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Cigars from the Philippines

The tobacco industry has taken root in many countries around the world, particularly along the equator and in warmer climate conditions. Among the areas that cultivate tobacco and that have been cultivating the plant for centuries is the Philippines.

Initial Popularity

When the Spaniards came to different areas of the world, the Philippines proved challenging. Trading with the locals was hard at first, but tobacco became a popular plant to the locals and forged the way to new cultivation.

Magellan brought tobacco to the Philippines and it gained popularity with the locals shortly after it was discovered. It even forged the path to opening up trade with Mindanao, which was an Islamic island that held the Spanish colonists in contempt and did not like the settlers.

Challenges to Tobacco

Although tobacco was popular in the Philippines, the Hapsburgs and the Bourbons nearly strangled the trade in the 1700s, when the Spanish government took over the monopoly on tobacco and extended that monopoly into the Philippines.

The Spanish royalty began putting severe restrictions on tobacco trade. The restrictions made it hard for locals to obtain or use tobacco, which caused discontent among the local peoples.

As the discontent grew, the Catholic church was encouraged to get involved in the situation. The church encouraged the locals to show homage and respect to the Spanish royalty to help reduce the growing tension.

Since tobacco was popular, the Spanish maintained the restrictions and hold on the Philippines. Because of the insistence on maintaining a foothold in the Philippines, Spain took on financial losses.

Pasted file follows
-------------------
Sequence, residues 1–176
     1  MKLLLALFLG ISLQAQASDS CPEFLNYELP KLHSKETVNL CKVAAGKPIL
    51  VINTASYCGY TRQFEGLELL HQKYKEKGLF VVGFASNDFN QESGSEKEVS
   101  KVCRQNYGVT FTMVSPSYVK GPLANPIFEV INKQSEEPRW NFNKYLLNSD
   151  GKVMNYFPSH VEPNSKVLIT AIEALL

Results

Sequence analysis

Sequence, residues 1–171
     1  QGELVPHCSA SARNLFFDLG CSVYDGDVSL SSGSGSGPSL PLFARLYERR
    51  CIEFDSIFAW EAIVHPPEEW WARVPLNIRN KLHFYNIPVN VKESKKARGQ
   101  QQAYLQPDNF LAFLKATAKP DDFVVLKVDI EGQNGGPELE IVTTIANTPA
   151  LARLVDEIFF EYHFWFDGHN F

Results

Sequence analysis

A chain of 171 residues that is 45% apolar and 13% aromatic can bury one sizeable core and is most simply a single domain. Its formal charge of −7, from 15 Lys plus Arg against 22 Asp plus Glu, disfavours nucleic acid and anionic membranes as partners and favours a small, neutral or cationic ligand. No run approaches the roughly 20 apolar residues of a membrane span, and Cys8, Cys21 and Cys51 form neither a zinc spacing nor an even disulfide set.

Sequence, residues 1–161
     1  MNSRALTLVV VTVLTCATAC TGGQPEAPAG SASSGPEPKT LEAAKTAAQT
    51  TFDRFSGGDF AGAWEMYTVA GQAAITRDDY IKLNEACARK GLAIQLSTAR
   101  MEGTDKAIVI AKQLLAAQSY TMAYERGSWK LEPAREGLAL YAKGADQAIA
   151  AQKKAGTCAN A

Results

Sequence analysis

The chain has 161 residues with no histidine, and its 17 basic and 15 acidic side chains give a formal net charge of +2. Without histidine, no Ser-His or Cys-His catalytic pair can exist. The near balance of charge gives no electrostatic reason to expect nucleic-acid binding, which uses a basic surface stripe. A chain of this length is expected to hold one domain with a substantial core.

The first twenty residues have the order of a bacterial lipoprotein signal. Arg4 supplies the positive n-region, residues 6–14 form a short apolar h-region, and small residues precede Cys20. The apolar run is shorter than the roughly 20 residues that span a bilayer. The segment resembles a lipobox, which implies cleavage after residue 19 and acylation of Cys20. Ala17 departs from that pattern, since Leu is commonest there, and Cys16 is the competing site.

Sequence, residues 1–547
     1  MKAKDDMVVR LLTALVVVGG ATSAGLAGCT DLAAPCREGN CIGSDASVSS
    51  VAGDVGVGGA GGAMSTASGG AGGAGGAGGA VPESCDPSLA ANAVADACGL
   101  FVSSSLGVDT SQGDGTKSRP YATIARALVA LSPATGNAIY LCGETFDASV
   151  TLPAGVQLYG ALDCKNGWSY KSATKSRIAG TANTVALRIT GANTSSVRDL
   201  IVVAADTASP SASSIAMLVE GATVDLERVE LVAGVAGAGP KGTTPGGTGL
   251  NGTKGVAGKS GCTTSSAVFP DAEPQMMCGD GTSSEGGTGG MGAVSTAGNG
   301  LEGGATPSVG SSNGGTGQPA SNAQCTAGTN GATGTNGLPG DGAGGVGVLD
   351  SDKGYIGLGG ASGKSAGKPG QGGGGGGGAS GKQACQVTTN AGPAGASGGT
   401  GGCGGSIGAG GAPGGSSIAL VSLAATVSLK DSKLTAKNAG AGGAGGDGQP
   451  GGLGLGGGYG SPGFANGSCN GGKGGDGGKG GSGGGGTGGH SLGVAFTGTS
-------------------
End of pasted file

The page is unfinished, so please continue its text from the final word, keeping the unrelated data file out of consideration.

Smuggling and the End of Spanish Rule

Spanish rule in the Philippines ultimately came to an end because of the popularity of the tobacco trade. Philippine tobacco was a popular commodity and smuggling the tobacco for high prices was common. Locals were not able to afford the tobacco and the illegal trade became a common practice in the Philippines.

Because of the popularity of tobacco in the region and other countries, tobacco was often used as a trade commodity and was sometimes used instead of local currency for goods and services.

The tobacco monopoly from the Spanish government was officially abolished in 1881. After it was abolished, a cigar company called La Compania General de Tobaccos de Filipinas was established. The company developed factories and has retained leadership in the development of cigars in the Philippine Islands.

Popularity of Philippine Cigars

As the company established factories and produced cigars with the name La Flor de la Isabella, the popularity of Philippine cigars increased. The tobacco company made efforts to establish a new monopoly over the tobacco and cigar industry within the Philippine Islands and was met with a large amount of success over the years.

For 100 years, La Flor de la Isabella was a popular cigar brand that maintained a solid reputation and developed some of the best cigars in the industry. The company did take a hit in the 1980s and 1990s because of a reduced ability to reach a large market and because of poor reports about the cigars. In 1995, changes were made to the floundering company to try keeping it afloat and re-establish the good reputation that it saw in previous generations.

After the bump in the road, a large portion of the company shares were purchased by shrewd businessmen from Asia. Roberto Ongoing and Robert Kuok took on responsibility for the company, and they have taken steps to re-establish the company as a leader in the cigar industry.

The Philippines have the ideal climate to produce high quality tobacco that is rolled into great cigars. Although the industry has faced problems, its cigars are making a comeback as new measures are taken to fix past mistakes.